Whether you think your pitch meeting went well or poorly, you can improve your next one with an intelligent de-briefing.
When you walk out of a big pitch meeting, what comes next? We all know you shouldn’t discuss the meeting on a public elevator or within earshot of your hosts. But once the coast is clear, what should you say? Here’s the smart way to debrief.
What was that question?
Make a list of the questions the other party asked, and think back to how you answered.
Questions show two things:
They are most often a search for data and learning--someone’s attempt to better understand what you are trying to say. You almost always do well on these questions because you know your business better than anyone else.
Second, questions are a natural way for someone to signal what their concerns are, and what they are really thinking about. These questions usually take a different form. They can have a more negative tone, and they can be stated somewhat clumsily-- often as a statement that’s been turned into a question. These questions tell you what your potential partner is worried about, and what you need to address in your follow-up.
What was important to them?
There is nothing wrong with waiting for follow-up, and asking the other party to outline next steps. But it’s more creative and proactive to walk out and think about what the others reacted to. See if your colleagues heard the same things as you did.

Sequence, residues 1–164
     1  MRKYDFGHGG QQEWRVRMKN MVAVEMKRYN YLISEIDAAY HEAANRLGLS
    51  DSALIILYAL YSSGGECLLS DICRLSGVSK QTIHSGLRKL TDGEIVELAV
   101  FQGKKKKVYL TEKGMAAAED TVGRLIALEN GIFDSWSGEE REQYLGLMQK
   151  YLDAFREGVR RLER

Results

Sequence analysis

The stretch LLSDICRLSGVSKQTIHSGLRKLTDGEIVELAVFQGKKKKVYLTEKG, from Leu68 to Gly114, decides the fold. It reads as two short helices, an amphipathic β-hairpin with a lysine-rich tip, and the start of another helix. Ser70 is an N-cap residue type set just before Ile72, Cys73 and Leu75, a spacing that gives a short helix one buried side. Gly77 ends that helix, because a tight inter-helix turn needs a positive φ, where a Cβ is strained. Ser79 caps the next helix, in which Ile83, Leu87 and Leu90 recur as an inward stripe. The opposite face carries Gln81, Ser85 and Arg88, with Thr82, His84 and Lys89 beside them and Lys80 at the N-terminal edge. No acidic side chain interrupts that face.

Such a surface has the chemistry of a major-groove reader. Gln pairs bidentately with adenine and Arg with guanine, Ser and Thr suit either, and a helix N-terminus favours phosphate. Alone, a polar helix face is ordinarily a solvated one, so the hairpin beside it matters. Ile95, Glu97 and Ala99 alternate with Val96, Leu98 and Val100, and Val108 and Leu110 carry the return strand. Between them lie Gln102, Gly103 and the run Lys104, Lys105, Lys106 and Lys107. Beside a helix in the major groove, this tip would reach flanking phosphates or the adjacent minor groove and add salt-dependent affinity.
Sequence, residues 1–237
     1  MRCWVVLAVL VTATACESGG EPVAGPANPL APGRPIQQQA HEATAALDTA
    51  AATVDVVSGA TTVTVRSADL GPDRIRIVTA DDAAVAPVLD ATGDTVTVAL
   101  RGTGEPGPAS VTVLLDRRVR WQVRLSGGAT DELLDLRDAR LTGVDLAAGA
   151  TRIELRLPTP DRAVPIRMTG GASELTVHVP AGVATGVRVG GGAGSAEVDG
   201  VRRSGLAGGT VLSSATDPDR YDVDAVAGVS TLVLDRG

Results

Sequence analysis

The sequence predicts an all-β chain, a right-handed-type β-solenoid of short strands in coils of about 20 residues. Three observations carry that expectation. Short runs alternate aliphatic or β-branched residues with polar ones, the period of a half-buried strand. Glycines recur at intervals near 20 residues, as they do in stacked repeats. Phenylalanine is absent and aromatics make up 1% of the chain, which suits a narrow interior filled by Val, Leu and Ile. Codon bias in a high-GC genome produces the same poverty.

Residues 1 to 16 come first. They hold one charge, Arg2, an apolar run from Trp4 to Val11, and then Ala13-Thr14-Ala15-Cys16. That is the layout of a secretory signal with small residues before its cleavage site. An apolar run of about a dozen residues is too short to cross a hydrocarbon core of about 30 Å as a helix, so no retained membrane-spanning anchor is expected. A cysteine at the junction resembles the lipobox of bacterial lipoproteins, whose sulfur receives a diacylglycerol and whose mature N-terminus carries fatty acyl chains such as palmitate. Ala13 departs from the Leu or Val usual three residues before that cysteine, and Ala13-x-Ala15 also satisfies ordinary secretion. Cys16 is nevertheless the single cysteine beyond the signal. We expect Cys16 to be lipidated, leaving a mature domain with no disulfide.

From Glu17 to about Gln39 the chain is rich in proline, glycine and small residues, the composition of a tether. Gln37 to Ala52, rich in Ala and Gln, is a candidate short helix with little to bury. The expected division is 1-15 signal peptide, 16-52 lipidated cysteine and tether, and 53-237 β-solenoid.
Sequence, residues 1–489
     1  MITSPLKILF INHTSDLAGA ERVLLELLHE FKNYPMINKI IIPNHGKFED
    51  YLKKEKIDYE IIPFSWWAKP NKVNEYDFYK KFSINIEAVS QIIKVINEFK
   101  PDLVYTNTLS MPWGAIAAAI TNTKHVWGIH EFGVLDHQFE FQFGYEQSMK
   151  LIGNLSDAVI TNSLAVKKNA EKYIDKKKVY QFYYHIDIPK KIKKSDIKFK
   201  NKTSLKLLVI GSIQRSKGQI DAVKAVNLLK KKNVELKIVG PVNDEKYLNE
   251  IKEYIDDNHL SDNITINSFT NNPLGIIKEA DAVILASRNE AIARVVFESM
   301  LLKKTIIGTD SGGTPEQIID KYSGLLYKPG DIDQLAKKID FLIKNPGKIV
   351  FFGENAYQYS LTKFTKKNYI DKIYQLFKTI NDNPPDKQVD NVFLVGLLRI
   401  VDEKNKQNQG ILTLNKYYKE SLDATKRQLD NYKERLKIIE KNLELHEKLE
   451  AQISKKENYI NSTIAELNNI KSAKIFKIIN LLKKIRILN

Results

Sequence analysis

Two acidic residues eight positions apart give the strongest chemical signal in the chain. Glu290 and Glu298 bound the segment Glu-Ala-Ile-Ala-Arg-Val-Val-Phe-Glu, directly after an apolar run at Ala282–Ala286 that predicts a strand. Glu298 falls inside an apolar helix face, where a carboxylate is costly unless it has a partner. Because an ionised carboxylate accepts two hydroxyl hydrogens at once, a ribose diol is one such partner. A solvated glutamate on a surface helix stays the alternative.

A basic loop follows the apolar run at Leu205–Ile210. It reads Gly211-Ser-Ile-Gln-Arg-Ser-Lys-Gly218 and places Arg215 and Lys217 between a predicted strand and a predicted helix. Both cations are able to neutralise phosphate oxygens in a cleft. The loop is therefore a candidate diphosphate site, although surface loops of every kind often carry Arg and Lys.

What were they thinking?
Of course you can never know exactly what’s going on in someone else’s head. But try to figure out why your potential partners asked you particular questions or steered the conversation to certain topics.
Avoid answering those queries by falling back into what you think is important-;try to put yourself into their heads. And don’t make things more complicated than they need to be. If your potential partners asked a certain question repeatedly, maybe they just didn’t hear you the first time.
What’s the process?
Ask yourself, “If they don’t follow up, what’s the next logical step in engaging them?” If your counterparty doesn’t already have a process in place, they’re not going to build it for you. You need to do it.
One safe bet is to suggest a next step that will provide more information on something the other party asked about, in a way that doesn’t disrespect their process but gives them more data to assuage any concern. It may be best to include your follow-up information in your next communication, without waiting to ask, “Would you like us to do this?” or “Would this help?”
We all struggle to be self-aware, to know what we are good or bad at, and to examine ourselves. A pitch meeting, along with the content and feedback that come out of it, provides a platform for you to look at yourself and your company and learn. Take 15 minutes after the meeting to review the data so that your next meeting is even better.
Based in New York, ED POWERS is a managing director and head of the Capital Access Funds team at Bank of America Merrill Lynch. Capital Access Funds is an experienced, returns-driven private equity fund-of-funds.